BluRay/DVD Reviews

GRAVITY (Warner Bros Home Video)

By • Apr 6th, 2014 •

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GRAVITY holds a very special place in my heart. Right around a time when no other really exciting movies were coming out, hey! Here comes GRAVITY, ready to shoot you to the stars. While I usually have a strict no 3D policy, seeing GRAVITY in 2D just made me realize how much I was missing out, and I was doing a disservice to the film by seeing it the way I was. So I saw it again in 3D. And again in IMAX. I’ve never done that before. I now have a poster of the film hanging in my room, and as soon as I got my hands on the Blu-Ray I knew I had to be the one to review it for Films in Review.

However, to review it on a website would mean putting my extreme bias aside and looking at the film as a whole. Because I have many friends, friends who have very good taste in movies and opinions that I trust, that couldn’t get into this movie at all. Why is that, I wondered? Well, the story is very simple. We have a crew of astronauts, including Sandra Bullock and George Clooney, working on a satellite while floating around in space. Almost immediately a few space rocks come flying at mach speed towards them, decimating the satellite and leaving Bullock and Clooney as the only survivors. They’re now left flying randomly in the massive, empty abyss that is outer space, to try and find a way to get back to Earth.

“Oh, the movie is nothing but watching two people float around in space for the whole thing”, is what I’ve heard plenty of times. I mean, they’re not wrong, but that’s the beauty of it all. I have a massive respect for films that can make so much out of so little. No dozens of characters, no huge battles going on, just floating in space. Which is also, as far as I see it, the absolute WORST situation that any living being could possibly find themselves in. If at any point in your life you find yourself having a bad time, just think to yourself “Well, at least I’m not drifting around in space” and immediately your problem will seem less horrible than what these two characters are going through.

When I go to movies, which I do a lot, I usually have all these predictions and wishes in my head. And usually I find myself disappointed that the filmmakers didn’t go in a certain direction, or rather that they did and I was able to guess so easily. But here, every prerequisite of my high standards was met. One thing I wished was that there would be no sounds in space, much like real space, and they did that! The only sounds we hear are Bullock’s voice, other voices through the speaker in the suit, or very muffled bumps when she bumped into something. Everything else, like the satellite being blown to bits, is totally silent, which is very eerie. That leaves the soundtrack with a lot of compensation work, but that was done brilliantly too! I bought the soundtrack after seeing the film, it was just so intense.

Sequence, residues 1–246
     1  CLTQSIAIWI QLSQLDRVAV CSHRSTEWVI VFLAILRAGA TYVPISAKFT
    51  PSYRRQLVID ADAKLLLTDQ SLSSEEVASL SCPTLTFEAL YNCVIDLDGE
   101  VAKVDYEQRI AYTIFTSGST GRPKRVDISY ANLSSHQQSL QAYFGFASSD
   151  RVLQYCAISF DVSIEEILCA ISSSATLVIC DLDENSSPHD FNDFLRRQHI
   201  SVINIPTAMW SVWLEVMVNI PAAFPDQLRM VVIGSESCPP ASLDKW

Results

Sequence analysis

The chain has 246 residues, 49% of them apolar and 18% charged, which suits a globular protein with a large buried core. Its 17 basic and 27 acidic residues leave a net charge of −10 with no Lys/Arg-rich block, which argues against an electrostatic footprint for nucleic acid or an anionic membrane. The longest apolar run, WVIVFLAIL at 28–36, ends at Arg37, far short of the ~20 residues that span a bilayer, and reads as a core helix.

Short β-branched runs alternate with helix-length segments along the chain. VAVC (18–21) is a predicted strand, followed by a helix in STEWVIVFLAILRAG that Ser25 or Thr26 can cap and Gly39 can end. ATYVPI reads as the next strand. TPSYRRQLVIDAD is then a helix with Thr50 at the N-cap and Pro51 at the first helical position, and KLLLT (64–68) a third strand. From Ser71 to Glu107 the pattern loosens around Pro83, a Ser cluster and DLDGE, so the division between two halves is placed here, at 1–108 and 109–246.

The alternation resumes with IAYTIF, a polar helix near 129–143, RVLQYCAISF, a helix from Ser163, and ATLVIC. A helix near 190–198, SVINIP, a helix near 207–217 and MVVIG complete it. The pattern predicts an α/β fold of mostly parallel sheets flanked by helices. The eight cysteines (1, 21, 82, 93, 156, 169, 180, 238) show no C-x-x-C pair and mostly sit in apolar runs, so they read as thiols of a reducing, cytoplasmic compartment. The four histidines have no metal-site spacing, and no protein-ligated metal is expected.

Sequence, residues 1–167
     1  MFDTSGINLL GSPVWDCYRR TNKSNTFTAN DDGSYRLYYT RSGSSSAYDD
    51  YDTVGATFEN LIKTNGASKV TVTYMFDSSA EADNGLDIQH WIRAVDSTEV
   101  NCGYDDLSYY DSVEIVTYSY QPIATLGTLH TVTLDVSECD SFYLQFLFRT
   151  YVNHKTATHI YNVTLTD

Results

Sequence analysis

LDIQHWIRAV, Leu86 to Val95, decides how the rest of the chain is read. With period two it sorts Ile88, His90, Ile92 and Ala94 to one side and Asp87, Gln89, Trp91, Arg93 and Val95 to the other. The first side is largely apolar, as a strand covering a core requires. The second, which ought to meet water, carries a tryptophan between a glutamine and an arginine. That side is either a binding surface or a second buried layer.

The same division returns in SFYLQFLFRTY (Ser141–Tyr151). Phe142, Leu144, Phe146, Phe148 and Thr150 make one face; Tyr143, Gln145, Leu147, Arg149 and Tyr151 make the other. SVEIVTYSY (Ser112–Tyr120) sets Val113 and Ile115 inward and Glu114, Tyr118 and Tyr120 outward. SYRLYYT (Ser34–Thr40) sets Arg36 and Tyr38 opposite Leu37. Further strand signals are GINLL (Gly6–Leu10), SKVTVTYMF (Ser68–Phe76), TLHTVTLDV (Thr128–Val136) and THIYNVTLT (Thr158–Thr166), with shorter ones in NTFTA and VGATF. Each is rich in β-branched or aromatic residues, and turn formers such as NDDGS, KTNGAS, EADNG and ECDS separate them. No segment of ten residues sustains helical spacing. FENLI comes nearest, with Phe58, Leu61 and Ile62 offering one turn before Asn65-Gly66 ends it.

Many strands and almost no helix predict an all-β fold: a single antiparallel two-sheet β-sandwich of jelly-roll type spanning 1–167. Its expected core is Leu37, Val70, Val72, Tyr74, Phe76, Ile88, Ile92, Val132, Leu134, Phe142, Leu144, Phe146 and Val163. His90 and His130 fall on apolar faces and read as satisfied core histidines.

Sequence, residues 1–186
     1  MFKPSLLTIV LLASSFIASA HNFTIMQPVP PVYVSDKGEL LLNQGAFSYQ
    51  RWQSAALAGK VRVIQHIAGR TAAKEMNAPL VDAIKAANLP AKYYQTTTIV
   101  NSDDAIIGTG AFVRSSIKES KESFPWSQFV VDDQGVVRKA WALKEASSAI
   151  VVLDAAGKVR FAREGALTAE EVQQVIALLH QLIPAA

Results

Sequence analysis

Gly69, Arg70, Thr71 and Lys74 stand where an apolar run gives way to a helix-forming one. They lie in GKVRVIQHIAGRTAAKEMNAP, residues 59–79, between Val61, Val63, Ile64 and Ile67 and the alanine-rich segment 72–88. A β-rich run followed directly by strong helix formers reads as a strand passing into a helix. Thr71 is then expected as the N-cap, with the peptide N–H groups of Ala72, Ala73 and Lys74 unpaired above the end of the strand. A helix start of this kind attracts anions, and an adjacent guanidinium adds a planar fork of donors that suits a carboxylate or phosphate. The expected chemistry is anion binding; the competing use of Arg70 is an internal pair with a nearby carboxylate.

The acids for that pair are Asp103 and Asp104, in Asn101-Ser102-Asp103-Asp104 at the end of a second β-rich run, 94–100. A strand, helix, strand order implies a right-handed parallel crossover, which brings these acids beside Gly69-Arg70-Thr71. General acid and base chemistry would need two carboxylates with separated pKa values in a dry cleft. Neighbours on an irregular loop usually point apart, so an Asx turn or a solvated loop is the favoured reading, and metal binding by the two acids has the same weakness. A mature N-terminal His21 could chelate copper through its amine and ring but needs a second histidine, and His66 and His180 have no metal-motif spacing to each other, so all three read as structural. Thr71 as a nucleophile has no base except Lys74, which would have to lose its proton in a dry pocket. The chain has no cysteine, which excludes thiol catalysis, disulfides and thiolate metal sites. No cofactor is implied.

Alright, my biased self is coming forth again so lets take a few steps back. There are a couple of not-so-fast moments within the film, especially about the science. I’ve heard people talk about many different parts of the film, going “That’s not possible!” and to their credit they’re right. An example would be all that banging into stuff these astronauts are doing? At the speed they were going those bangs and bumps would probably break some bones. This is where Hollywood magic and suspension of disbelief stuff come into play. And as someone who’s usually a massive stickler about this sort of thing, it actually wasn’t until people pointed it out to me before I went “Hang on a minute…yeah, how come Bullock and Clooney didn’t know anything about each other despite the many months of training they clearly engaged in before being sent up into space?” I don’t know. And it really doesn’t matter in the long run I suppose. But the fact that people are taking so much time to think about these things is a statement of some kind.

I love GRAVITY, I really do, and even if it’s not your cup of tea I still recommend at least one viewing. I was on the edge of my seat the duration: perhaps you will be, too. And if you do enjoy it, get the Blu-Ray; the supplementals are out of this world, even going as far as breaking down specific shots and showing how they got them. For me, that’s icing on the intergalactic cake. Nothing could ever equal seeing it on the big screen though, and I’m so glad I got the chance while I still could. This is a film that 2013 will be remembered for, and in 50 years time it might even go down as a classic. Bottom line, five stars, two thumbs up, check it out.

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